Bokone Bophirima Provincial Coat Of Arms

Arms for the North West Province registered with the Bureau of Heraldry on 7 May 1999. The blazon reads:

Arms: Per saltire Gules and Azure, a saltire quadrate Vert, fimbriated Argent, charged in the centre with a representation of a calabash water container within a leather thong cradle, Or; the shield ensigned of a circlet edged Argent, the centre Or, resting thereupon a pair of horns Argent supporting a sunflower proper.

Supporters:

Two sable antelopes proper, horned and unguled Or.

Motto:

Kagiso le Tswelelopele.

Arms explained:

These arms constitute the only device among the nine provinces which is explicitly based on the colours and (to some extent) forms of the national flag brought into use on 27 April 1994. This is perhaps because the province is a new creation under a régime unwilling to acknowledge that it is based essentially on the “independent” homeland state the Republic of Bophuthatswana.

The field is divided diagonally into quarters, red above and below, blue left and right. Over the field is superimposed a green saltire or diagonal cross, edged in silver or white. The saltire is quadrate; in other words it has a diagonal trapezium (in heraldic language a lozenge) over the middle, in the same colour as the saltire.

On the lozenge is a calabash, blazoned as gold (Or), but actually drawn in natural colours (proper), which represents the Tswana culture of the indigenous peoples whose tribal lands formed the basis of both Bophuthatswana and North-West.

In the crest the circlet is blazoned as Argent, but is actually drawn in ivory shades. The inner ring is drawn as blazoned, gold. The horns resting on the circlet are not identified, but resemble those of the Cape buffalo (Syncerus caffer), although these are often dark in colour, whereas the horns in the crest are white to pale grey.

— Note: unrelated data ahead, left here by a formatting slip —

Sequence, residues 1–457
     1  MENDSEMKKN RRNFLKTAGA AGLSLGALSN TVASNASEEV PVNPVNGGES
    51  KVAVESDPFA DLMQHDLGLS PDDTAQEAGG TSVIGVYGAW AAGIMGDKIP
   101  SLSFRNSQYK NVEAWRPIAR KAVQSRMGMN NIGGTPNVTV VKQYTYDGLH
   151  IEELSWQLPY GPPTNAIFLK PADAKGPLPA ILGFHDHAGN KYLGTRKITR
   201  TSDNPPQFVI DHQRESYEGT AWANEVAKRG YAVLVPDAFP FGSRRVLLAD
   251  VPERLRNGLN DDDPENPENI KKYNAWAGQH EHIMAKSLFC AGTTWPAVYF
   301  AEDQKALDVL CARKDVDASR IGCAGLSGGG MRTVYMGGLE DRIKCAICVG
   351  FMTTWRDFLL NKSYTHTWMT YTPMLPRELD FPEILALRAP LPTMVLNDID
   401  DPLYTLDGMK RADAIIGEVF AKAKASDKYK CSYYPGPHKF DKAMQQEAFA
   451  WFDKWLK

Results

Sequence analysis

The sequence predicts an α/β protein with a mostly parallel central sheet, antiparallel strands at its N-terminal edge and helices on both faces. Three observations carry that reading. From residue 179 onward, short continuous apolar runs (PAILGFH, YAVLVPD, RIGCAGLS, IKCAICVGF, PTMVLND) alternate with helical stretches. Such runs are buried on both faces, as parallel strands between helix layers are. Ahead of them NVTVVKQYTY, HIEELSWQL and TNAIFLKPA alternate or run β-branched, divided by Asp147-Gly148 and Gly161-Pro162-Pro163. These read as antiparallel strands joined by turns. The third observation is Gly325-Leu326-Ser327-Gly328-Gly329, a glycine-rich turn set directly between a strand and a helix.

The sunflower (Helianthus anuus) in the crest represents agriculture in the region, where sunflowers are grown for their nutritious seeds and for the oil they produce. Sunflower oil is used in cooking as well as in soap and paints, and as a lubricant. The seeds are reportedly used to make bread and a coffee-like beverage, although this would appear to be a use uncommon in South Africa. The sunflower is not native to Africa, having been introduced from the Americas, but is a common crop in the summer rainfall region. The flower probably also is symbolic of the bright sunshine needed to produce a sunflower crop.

The supporters are a pair of sable antelope (Hippotragus niger). This species lives in herds in forests in Southern Africa and is a familiar part of the wildlife of at least the eastern half of North-West. It stands up to 137 cm tall at the shoulder. The animals shown are male, and can be identified by their black colouring; females are more reddish brown. The sable antelope is closely related to the roan antelope (H equinus).

The motto translates as “Peace and prosperity.”

With kind permission from Mike Oettle:

Armoria - Heraldry in South Africa

Profiles

MEC
Hon. Ontlametse Mochware

HOD
Ms Nono Bapela


Provincial Call Centre

Mahika Mahikeng Music  & Cultural Festival

Join us on Facebook Follow us on Twitter Our YouTube Channel Flickr Instagram